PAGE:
Mastodon – Crack the Skye (Reprise/Sire)Friday, 15th March 2013
Lots of derision around this one; Crack the Skye is not the bruiser people were expecting to it be, but if it’s anything, it’s more rich, wide, and built-out than 2006’s Blood Mountain. Those in search of those mountain-moving riffs ala “March of the Fire Ants” or “Blood and Thunder” aren’t going to find it here. Instead, a touch-and-go prog metal album (is this a sign of things to come?) can be found on Crack the Skye and in the end, it’s quite gratifying, even mildly striking.
Across the board, Crack the Skye is evident of a band honing in on a sound all their own. The flow of this thing is unreal, seemless, even. It starts with “Oblivion,” which might have the band’s best chorus to date, helmed by guitarist/vocalist Brett Hinds’ old-soul melodies and relaxed, at-ease vibe. In fact the vocal interplay between Hinds and bassist Troy Sanders makes this album go – just check out the hazy prog sing-off during closer “The Last Baron.”
Lead single “Divinations” fits right into the pocket of the band’s past output, as drummer Brann Dailor lays out one dazzling fill after the next, oftentimes coming dangerously close to throwing the tempo off, only to find his back home. The four-part “The Czar” (loosely based on the live of Russia’s famed Rasputin) is well-executed across the board and has a host of killer Southern-fried rock riffage.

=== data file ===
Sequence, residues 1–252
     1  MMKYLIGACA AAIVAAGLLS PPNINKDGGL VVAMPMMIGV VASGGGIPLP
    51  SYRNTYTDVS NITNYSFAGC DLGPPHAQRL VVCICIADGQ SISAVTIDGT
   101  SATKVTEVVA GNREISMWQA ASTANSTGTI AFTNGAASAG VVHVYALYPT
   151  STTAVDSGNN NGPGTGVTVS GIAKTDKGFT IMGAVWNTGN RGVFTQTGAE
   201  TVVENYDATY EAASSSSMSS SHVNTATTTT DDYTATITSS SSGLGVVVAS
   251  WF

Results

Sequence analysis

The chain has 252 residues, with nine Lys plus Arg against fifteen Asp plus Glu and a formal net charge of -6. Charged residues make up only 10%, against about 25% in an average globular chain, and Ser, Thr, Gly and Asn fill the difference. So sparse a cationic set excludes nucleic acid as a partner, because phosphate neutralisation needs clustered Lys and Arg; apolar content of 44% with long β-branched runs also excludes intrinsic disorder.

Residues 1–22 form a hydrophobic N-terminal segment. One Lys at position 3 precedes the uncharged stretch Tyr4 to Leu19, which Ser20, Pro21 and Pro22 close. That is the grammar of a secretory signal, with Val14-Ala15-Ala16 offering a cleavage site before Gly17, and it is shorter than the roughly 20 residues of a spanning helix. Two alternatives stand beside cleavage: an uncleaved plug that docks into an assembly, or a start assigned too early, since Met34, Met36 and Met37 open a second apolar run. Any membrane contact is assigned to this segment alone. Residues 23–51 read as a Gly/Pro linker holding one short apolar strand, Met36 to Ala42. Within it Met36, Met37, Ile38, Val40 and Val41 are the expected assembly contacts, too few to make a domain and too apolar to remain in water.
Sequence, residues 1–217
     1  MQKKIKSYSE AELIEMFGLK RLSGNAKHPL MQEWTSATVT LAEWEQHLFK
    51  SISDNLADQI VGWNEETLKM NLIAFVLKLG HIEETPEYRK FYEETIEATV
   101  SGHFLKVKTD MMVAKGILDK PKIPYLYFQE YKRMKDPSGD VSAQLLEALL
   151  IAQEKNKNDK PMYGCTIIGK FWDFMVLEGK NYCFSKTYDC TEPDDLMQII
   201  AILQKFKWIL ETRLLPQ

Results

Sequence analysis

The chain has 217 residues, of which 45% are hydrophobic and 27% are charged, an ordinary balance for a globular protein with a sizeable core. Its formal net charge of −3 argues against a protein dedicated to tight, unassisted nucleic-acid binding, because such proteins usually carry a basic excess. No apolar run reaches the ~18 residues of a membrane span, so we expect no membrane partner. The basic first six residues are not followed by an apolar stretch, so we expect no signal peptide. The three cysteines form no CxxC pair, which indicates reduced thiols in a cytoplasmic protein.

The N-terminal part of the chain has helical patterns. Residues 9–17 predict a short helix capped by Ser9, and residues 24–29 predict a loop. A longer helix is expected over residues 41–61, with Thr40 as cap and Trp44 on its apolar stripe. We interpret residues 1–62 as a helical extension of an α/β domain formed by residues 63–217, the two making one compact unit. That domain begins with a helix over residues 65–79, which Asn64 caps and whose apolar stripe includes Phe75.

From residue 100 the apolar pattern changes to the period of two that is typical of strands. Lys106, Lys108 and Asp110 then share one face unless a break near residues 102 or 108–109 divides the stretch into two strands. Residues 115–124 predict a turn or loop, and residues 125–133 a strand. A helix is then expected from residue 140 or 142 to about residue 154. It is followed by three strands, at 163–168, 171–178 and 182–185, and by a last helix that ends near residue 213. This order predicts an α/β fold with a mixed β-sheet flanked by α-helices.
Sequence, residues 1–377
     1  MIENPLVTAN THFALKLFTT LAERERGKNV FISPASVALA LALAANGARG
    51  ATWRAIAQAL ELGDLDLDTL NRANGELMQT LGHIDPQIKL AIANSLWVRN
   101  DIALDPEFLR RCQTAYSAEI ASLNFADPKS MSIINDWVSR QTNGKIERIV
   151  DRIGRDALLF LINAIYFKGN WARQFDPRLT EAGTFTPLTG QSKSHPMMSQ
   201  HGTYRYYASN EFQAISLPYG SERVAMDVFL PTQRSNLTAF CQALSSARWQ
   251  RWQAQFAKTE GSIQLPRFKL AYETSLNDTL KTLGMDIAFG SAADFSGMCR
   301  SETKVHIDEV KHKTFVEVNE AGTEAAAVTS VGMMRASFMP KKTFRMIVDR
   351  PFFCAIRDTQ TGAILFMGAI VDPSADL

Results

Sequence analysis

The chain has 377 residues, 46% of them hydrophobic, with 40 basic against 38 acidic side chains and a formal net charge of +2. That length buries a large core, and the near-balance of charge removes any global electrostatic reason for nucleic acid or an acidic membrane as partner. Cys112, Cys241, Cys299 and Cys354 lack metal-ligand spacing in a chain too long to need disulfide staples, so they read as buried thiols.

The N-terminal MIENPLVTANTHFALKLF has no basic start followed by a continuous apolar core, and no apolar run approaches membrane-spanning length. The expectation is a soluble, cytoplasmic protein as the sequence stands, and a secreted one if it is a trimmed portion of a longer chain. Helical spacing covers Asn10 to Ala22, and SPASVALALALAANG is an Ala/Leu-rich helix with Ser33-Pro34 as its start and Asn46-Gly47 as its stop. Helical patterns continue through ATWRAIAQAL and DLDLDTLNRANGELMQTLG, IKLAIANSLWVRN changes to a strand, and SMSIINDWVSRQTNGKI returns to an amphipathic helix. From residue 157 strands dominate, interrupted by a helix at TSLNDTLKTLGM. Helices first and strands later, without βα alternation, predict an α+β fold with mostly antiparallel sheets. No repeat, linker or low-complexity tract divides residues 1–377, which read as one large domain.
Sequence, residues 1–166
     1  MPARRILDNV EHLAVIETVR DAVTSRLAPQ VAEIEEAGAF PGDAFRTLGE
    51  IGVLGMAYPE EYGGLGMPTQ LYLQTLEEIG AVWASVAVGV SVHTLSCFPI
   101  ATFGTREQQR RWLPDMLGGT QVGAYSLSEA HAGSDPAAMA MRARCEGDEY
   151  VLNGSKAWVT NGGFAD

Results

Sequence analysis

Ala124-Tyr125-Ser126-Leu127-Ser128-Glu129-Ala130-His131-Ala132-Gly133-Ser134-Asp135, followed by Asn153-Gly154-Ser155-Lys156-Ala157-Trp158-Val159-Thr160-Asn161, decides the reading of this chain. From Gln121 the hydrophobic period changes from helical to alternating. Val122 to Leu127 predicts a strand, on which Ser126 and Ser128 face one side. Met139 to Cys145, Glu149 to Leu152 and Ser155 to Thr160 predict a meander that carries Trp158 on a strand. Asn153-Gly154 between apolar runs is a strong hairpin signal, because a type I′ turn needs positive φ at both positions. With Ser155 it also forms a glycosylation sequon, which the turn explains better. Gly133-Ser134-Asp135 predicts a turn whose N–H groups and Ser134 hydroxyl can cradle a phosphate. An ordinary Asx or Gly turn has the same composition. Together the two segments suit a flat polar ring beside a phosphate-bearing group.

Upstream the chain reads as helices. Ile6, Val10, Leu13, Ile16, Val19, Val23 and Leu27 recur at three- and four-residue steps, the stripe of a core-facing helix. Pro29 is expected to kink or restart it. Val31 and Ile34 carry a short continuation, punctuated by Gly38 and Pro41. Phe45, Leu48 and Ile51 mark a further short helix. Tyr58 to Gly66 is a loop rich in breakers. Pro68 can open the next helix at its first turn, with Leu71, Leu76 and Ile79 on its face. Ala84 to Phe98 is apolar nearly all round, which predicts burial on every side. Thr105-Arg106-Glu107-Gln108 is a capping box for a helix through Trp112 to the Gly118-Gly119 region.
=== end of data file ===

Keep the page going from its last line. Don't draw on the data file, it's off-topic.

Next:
A Brendan O’Brien (Pearl Jam, Soundgarden) production job makes Crack the Skye sound like an actual album. It’s orchestrated, produced and pisses all over any and all Pro-Tools dominated creations of late.
Crack the Skye could be the tipping point for Mastodon, as it dangerously starts to move away from pure metal (not like they ever were “pure”) and down a less traveled, even less popular road. Going prog is major risk and Crack the Skye is a risky album, but the rewards and savory, eyebrow raising listens are worth it.
(This content originally appeared on Blistering.com)